The never-ending wonder of the artist as a researcher
On a cold winter’s morning, New Master Bo Vloors joins us to visit the museum CIVA in Brussels. The exhibition After / D’après / Na by artist Vincent Meessen inaugurates Research in Residence, CIVA's new collection-oriented transdisciplinary research initiative. Vincent Meessen presents a narrative reconstruction of a two-acre site just outside of Brussels. It raises questions about the positionality of the artist as a researcher. The never-ending wonder and observation of one's surroundings that is the very nature of a researcher possess filmmaker and photographer Bo Vloors like no other.
How do you feel walking through these two acres of Brussels?
The way Vincent tried to archive a rural plot on the outskirts of Brussels appeals to me. Through video, photos, soundscapes, objects, sculptures and text, he aims to recreate a place that no longer exists.
The maker influences the material through artistic choices when making a translation between reality and representation
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Can you elaborate on that?
Like Vincent, I carry a desire to translate reality through my work. I can strongly relate to capturing a place or a moment in time as generously as possible. Of course, I will never fully grasp the actual reality; I might aim for it, but I don’t claim to do so. The maker always influences the material through artistic choices when making a translation between reality and representation. However, using multiple disciplines such as image, word and sound is in some way an attempt to come very close to that.
This exhibition places the artist as a researcher. Would you call yourself a researcher?
Yes, although not so much in the academic sense of the word. All I do is observe my surroundings, I take it all in. I create images without purpose, work intuitively, and add them to my archive. I am a slow worker and I prefer to stay in the process of observing. The decisive moment to concretize a choice is not something I wish to impose on my material. I spend a lot of time with my material ( / archive), to be able to read it and listen to it until the artistic choices present themselves to me.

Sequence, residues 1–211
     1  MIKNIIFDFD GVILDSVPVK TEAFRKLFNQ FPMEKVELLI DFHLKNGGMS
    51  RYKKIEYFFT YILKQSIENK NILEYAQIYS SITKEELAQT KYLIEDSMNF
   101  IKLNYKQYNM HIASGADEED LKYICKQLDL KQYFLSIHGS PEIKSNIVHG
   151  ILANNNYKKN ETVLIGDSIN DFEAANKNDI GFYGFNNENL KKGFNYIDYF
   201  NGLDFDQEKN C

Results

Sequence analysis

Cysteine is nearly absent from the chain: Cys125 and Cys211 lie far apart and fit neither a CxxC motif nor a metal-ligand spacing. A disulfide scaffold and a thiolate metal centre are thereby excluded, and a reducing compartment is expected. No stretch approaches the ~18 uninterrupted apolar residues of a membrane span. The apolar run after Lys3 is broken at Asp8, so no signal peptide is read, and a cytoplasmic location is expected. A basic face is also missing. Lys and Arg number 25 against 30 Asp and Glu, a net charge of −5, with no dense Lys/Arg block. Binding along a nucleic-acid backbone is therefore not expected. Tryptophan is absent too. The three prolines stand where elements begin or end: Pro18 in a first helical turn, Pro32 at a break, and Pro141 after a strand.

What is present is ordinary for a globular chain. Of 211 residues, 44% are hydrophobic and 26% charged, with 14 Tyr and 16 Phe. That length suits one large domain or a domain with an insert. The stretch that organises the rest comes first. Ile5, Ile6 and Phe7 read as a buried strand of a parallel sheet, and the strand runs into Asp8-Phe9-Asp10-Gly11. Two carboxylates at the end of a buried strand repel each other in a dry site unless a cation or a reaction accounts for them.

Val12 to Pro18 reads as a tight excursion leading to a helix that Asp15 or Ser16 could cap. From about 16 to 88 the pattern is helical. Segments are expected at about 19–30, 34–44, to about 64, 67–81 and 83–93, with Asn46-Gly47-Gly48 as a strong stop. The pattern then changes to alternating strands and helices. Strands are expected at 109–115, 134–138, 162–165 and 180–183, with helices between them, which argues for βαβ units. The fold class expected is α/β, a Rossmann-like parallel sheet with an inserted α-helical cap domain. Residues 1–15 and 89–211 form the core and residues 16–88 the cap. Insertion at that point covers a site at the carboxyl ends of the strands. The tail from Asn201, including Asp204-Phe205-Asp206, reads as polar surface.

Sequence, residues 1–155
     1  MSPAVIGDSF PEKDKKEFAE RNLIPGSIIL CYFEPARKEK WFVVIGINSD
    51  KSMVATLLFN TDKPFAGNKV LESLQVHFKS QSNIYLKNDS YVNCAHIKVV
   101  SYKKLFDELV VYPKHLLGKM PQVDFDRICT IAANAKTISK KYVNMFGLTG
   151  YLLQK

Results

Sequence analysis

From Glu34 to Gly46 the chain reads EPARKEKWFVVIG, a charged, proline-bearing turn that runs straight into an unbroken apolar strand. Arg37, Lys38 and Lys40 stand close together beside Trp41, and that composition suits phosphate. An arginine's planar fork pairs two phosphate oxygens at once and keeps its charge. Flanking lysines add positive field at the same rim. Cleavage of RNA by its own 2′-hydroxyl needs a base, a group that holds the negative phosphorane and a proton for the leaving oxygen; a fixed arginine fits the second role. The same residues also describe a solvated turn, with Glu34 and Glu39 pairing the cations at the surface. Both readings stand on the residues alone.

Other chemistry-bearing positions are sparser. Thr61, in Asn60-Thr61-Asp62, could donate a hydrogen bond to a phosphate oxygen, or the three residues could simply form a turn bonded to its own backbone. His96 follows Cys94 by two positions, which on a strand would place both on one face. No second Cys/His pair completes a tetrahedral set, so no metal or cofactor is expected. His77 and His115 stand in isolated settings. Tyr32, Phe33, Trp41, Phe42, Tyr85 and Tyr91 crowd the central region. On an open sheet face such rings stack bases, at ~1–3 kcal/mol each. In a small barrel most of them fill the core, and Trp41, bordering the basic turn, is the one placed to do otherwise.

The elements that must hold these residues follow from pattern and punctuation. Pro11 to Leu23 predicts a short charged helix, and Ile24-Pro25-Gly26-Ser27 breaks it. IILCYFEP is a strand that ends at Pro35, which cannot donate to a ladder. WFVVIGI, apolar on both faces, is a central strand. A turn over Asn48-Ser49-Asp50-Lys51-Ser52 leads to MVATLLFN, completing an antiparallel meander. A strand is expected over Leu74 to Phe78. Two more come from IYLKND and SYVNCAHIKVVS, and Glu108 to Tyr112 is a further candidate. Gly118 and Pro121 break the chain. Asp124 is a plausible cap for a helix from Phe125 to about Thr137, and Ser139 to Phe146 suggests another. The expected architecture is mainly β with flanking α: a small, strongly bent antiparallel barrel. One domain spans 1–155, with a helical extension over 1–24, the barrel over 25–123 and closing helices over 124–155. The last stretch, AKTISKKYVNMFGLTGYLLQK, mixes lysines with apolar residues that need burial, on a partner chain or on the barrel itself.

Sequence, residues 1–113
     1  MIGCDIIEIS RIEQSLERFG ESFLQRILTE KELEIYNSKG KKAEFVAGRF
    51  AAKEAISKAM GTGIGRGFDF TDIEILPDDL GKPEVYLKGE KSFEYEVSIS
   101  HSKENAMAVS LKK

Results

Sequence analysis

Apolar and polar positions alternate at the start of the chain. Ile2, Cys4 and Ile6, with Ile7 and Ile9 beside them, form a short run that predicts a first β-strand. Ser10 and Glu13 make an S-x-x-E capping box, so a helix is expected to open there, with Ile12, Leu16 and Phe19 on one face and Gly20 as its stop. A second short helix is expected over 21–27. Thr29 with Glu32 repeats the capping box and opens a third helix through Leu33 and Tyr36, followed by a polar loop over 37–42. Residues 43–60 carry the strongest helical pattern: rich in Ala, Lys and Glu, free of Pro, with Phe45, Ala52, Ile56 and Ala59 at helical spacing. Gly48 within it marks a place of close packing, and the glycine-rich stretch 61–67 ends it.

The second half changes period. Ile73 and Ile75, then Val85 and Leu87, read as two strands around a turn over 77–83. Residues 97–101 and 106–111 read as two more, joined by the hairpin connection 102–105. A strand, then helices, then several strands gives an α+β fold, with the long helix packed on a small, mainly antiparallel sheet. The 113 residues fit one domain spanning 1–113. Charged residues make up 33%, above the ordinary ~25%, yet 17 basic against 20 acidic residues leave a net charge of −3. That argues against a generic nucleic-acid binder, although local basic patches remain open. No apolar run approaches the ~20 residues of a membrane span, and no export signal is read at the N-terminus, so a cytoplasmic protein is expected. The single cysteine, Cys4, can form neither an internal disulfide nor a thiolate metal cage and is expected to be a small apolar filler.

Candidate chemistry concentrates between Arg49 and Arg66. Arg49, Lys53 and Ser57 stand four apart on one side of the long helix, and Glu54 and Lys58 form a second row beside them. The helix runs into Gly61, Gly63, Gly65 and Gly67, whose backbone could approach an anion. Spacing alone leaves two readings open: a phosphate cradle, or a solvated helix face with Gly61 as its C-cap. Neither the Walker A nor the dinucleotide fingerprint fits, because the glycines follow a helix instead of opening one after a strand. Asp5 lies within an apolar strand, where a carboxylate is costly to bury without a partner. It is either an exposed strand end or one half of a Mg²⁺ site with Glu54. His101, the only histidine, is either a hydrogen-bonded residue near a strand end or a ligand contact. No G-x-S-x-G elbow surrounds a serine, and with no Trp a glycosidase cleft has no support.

Your material and your intuition are the most beautiful companions
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Why do you prefer to stay in the process of observing?
Collecting images around me can be a lonely practice. However, I find it soothing - it’s you and your environment. Your material and your intuition are the most beautiful companions. You take the time to absorb and observe. The moment I start working with the material, you start appropriating it.
What image you choose to use influences the story
Can you tell me more about your work?
I am a person of images and words. As a filmmaker and a photographer, I capture my surroundings. I also write, because sometimes images are too limiting to tell a story. Through writing, I explore the missing image. The use of a variety of disciplines brings me closer to reality and allows me to add nuances. I allow myself to reuse images from my archive, and whatever image I choose influences the story. In the playfulness with images, I look for a way to tell a story in the most representative way.
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Both you and Vincent are observers of the space around you. How do you relate his work to your own?
We both examine the relationship between people and their environment. In this exhibition specifically, he looks at what the presence of a human in nature does. We see the human influence and co-existence with nature on just two acres. In my work, I similarly invite the viewer to enter a world where human relations and their surroundings are placed as ambiguous central points.
I leave black holes for the audience to find points of recognition themselves
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Do you have a final message for our readers?
I hope that my work provides nuances to reality, but remains open enough for interpretation and dialogue. Even though my material starts from a personal experience, I leave black holes for the audience to find points of recognition themselves.